Prostate cancer is the second most common kind of cancer in men. Fortunately, it has a 99% survival rate. To achieve such a survival rate, a variety of aggressive therapies

Prostate cancer is the second most common kind of cancer in men. Fortunately, it has a 99% survival rate. To achieve such a survival rate, a variety of aggressive therapies are used to treat prostate cancers that are caught early. Androgen deprivation therapy (ADT) is a therapy that is given in cycles to patients. This study attempted to analyze what factors in a group of 79 patients caused them to stick with or discontinue the treatment. This was done using naïve Bayes classification, a machine-learning algorithm. The usage of this algorithm identified high testosterone as an indicator of a patient persevering with the treatment, but failed to produce statistically significant high rates of prediction.

Contributors

Agent

Created

Date Created
  • 2016-12

128512-Thumbnail Image.png

Prevention and Control of Zika as a Mosquito-Borne and Sexually Transmitted Disease: A Mathematical Modeling Analysis

Description

The ongoing Zika virus (ZIKV) epidemic in the Americas poses a major global public health emergency. While ZIKV is transmitted from human to human by bites of Aedes mosquitoes, recent

The ongoing Zika virus (ZIKV) epidemic in the Americas poses a major global public health emergency. While ZIKV is transmitted from human to human by bites of Aedes mosquitoes, recent evidence indicates that ZIKV can also be transmitted via sexual contact with cases of sexually transmitted ZIKV reported in Argentina, Canada, Chile, France, Italy, New Zealand, Peru, Portugal, and the USA. Yet, the role of sexual transmission on the spread and control of ZIKV infection is not well-understood. We introduce a mathematical model to investigate the impact of mosquito-borne and sexual transmission on the spread and control of ZIKV and calibrate the model to ZIKV epidemic data from Brazil, Colombia, and El Salvador. Parameter estimates yielded a basic reproduction number R[subscript 0] = 2.055 (95% CI: 0.523–6.300), in which the percentage contribution of sexual transmission is 3.044% (95% CI: 0.123–45.73). Our sensitivity analyses indicate that R[subscript 0] is most sensitive to the biting rate and mortality rate of mosquitoes while sexual transmission increases the risk of infection and epidemic size and prolongs the outbreak. Prevention and control efforts against ZIKV should target both the mosquito-borne and sexual transmission routes.

Contributors

Agent

Created

Date Created
  • 2016-06-17

129045-Thumbnail Image.png

The Evolutionary Impact of Androgen Levels on Prostate Cancer in a Multi-Scale Mathematical Model

Description

Background: Androgens bind to the androgen receptor (AR) in prostate cells and are essential survival factors for healthy prostate epithelium. Most untreated prostate cancers retain some dependence upon the AR and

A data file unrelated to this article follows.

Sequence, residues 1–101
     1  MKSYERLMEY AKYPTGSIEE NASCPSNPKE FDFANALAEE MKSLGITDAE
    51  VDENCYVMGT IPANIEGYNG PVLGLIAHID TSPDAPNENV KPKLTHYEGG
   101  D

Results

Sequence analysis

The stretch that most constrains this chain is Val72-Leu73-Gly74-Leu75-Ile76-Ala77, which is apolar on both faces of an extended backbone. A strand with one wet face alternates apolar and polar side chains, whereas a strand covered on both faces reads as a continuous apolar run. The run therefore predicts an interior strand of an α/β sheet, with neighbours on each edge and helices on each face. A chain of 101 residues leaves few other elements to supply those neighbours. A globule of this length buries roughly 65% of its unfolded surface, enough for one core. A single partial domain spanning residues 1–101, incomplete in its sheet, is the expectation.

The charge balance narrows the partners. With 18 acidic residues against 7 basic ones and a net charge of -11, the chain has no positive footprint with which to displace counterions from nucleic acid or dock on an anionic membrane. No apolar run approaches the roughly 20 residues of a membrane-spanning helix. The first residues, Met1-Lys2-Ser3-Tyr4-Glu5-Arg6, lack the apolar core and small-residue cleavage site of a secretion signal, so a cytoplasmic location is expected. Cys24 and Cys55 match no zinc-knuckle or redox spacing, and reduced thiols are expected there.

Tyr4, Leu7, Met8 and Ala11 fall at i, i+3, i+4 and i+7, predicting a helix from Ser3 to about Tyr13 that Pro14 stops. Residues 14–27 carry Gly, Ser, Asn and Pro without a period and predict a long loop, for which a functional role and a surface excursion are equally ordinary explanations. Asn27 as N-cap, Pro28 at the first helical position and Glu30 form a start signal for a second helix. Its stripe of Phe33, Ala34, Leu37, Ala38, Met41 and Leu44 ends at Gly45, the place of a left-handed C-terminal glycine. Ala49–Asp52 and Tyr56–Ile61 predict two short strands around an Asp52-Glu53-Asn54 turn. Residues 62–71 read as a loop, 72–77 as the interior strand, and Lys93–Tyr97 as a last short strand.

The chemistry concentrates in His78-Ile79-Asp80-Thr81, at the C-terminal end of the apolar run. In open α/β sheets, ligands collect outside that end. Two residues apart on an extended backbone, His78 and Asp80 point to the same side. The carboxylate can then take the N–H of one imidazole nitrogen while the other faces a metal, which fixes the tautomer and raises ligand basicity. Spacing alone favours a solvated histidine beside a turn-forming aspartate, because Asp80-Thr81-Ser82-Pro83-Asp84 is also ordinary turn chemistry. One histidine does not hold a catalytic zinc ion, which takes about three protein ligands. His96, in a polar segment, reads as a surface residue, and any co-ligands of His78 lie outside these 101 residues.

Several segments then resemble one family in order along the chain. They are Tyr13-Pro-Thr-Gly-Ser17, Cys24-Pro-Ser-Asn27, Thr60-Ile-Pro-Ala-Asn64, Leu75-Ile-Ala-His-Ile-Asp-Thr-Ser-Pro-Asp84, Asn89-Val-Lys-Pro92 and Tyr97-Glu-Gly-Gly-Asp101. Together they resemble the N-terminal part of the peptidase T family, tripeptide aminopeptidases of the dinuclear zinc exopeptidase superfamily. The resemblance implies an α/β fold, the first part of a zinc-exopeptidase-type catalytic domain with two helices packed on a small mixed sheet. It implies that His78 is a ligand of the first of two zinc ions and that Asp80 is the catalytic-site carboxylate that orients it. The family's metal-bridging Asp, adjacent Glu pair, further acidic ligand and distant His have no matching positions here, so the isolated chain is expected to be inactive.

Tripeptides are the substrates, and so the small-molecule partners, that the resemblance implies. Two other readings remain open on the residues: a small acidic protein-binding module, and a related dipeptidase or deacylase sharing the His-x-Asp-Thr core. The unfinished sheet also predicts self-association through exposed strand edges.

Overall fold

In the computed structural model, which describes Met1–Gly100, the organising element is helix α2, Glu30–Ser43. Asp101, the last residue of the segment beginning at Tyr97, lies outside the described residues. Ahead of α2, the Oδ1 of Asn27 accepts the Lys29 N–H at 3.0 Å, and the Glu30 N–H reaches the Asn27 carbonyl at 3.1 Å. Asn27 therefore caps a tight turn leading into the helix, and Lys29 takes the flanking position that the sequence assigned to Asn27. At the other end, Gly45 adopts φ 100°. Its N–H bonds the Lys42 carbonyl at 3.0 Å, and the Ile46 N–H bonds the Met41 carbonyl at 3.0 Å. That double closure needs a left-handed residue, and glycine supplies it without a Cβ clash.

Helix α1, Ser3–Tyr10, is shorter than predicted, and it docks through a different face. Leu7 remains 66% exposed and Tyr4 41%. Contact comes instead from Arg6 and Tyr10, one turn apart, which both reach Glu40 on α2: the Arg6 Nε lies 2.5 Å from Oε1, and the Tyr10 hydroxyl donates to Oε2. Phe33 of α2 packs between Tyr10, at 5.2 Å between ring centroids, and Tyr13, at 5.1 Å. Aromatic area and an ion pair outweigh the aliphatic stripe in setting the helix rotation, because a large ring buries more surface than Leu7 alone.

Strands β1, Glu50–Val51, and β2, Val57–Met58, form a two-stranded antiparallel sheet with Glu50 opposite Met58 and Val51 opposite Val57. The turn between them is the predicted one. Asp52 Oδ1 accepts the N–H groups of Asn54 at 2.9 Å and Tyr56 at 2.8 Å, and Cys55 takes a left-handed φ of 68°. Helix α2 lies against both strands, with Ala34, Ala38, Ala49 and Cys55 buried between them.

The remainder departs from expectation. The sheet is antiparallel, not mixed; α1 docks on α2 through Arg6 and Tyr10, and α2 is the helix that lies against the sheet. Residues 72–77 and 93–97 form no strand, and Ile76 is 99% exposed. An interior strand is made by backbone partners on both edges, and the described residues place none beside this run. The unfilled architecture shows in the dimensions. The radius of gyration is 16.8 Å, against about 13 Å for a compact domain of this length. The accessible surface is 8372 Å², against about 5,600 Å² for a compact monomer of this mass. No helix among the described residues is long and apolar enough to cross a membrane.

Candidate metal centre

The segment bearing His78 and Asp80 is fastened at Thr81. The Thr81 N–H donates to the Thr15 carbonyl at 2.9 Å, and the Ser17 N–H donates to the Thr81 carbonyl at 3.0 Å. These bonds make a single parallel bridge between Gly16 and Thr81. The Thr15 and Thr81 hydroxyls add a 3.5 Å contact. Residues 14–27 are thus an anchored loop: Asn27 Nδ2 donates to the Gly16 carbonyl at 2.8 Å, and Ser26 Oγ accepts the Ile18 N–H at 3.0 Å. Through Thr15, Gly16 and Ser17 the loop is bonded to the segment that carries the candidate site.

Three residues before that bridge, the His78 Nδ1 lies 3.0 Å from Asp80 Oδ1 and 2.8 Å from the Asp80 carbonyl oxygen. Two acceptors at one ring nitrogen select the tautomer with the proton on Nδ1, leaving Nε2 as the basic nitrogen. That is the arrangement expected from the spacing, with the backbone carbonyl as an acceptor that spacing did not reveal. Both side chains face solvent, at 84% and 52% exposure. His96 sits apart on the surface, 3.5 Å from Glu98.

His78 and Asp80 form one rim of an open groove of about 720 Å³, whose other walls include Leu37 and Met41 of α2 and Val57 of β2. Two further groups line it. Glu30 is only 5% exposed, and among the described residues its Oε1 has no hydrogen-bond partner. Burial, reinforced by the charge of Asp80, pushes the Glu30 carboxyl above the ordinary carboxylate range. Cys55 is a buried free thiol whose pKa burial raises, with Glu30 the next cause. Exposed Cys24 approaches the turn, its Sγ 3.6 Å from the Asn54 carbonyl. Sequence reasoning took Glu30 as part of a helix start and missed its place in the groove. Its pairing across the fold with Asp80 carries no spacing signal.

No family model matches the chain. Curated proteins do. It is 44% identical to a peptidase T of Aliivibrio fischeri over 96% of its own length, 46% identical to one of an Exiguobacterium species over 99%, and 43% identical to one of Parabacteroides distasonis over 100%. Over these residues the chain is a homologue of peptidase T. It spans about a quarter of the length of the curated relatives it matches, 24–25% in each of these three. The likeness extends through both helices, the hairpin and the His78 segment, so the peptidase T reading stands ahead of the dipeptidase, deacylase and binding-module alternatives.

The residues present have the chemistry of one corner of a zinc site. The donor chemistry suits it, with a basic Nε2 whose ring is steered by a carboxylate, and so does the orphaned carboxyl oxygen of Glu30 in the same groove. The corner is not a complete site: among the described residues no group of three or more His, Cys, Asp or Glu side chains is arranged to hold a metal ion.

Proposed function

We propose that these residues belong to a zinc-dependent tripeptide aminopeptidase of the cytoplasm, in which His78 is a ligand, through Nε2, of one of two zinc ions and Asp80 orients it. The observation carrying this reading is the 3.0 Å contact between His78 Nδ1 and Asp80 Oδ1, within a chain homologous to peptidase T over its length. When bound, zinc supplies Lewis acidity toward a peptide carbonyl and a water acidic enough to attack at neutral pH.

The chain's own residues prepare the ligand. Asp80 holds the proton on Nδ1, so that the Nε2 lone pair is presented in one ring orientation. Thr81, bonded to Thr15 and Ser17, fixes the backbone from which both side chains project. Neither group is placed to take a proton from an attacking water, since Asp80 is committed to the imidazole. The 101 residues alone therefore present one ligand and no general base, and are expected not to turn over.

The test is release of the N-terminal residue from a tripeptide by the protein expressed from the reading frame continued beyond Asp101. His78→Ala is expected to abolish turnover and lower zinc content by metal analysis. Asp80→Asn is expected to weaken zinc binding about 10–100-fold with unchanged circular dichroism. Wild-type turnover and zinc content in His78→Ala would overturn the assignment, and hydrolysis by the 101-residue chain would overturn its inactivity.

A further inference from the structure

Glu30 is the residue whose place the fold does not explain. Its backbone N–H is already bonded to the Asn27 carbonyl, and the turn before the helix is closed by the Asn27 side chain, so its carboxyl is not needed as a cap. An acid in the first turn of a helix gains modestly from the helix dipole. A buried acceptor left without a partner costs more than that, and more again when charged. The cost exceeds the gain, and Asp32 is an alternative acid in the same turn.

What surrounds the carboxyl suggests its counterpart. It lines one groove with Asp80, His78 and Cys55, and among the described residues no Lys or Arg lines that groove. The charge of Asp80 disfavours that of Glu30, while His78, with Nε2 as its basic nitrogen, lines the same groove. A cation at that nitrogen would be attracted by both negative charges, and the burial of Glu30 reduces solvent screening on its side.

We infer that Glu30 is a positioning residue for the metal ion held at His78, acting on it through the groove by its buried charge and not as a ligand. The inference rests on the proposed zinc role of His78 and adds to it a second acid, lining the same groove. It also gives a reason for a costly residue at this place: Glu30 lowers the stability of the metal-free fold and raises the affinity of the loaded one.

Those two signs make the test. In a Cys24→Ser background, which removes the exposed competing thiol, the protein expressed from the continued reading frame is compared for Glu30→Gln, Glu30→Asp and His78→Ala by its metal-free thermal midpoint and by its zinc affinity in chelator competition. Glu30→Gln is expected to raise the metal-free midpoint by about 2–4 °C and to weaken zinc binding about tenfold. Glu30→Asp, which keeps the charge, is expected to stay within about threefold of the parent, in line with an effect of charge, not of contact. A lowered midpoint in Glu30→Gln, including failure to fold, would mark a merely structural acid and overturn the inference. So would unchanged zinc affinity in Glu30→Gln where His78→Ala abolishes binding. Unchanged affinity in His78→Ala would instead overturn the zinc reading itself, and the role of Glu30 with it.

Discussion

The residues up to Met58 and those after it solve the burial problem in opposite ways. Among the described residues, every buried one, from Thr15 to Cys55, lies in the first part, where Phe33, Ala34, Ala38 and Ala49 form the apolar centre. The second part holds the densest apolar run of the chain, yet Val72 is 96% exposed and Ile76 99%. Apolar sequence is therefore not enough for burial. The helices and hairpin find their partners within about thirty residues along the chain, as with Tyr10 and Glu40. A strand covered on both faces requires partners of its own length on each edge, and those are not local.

Background: Androgens bind to the androgen receptor (AR) in prostate cells and are essential survival factors for healthy prostate epithelium. Most untreated prostate cancers retain some dependence upon the AR and respond, at least transiently, to androgen ablation therapy. However, the relationship between endogenous androgen levels and cancer etiology is unclear. High levels of androgens have traditionally been viewed as driving abnormal proliferation leading to cancer, but it has also been suggested that low levels of androgen could induce selective pressure for abnormal cells. We formulate a mathematical model of androgen regulated prostate growth to study the effects of abnormal androgen levels on selection for pre-malignant phenotypes in early prostate cancer development.

Results: We find that cell turnover rate increases with decreasing androgen levels, which may increase the rate of mutation and malignant evolution. We model the evolution of a heterogeneous prostate cell population using a continuous state-transition model. Using this model we study selection for AR expression under different androgen levels and find that low androgen environments, caused either by low serum testosterone or by reduced 5α-reductase activity, select more strongly for elevated AR expression than do normal environments. High androgen actually slightly reduces selective pressure for AR upregulation. Moreover, our results suggest that an aberrant androgen environment may delay progression to a malignant phenotype, but result in a more dangerous cancer should one arise.

Conclusions: The model represents a useful initial framework for understanding the role of androgens in prostate cancer etiology, and it suggests that low androgen levels can increase selection for phenotypes resistant to hormonal therapy that may also be more aggressive. Moreover, clinical treatment with 5α-reductase inhibitors such as finasteride may increase the incidence of therapy resistant cancers.

Contributors

Created

Date Created
  • 2010-04-20

133171-Thumbnail Image.png

Volume Distributions of Metastatic Brain Tumors

Description

Magnetic resonance imaging (MRI) data of metastatic brain cancer patients at the Barrow Neurological Institute sparked interest in the radiology department due to the possibility that tumor size distributions might

Magnetic resonance imaging (MRI) data of metastatic brain cancer patients at the Barrow Neurological Institute sparked interest in the radiology department due to the possibility that tumor size distributions might mimic a power law or an exponential distribution. In order to consider the question regarding the growth trends of metastatic brain tumors, this thesis analyzes the volume measurements of the tumor sizes from the BNI data and attempts to explain such size distributions through mathematical models. More specifically, a basic stochastic cellular automaton model is used and has three-dimensional results that show similar size distributions of those of the BNI data. Results of the models are investigated using the likelihood ratio test suggesting that, when the tumor volumes are measured based on assuming tumor sphericity, the tumor size distributions significantly mimic the power law over an exponential distribution.

Contributors

Agent

Created

Date Created
  • 2018-12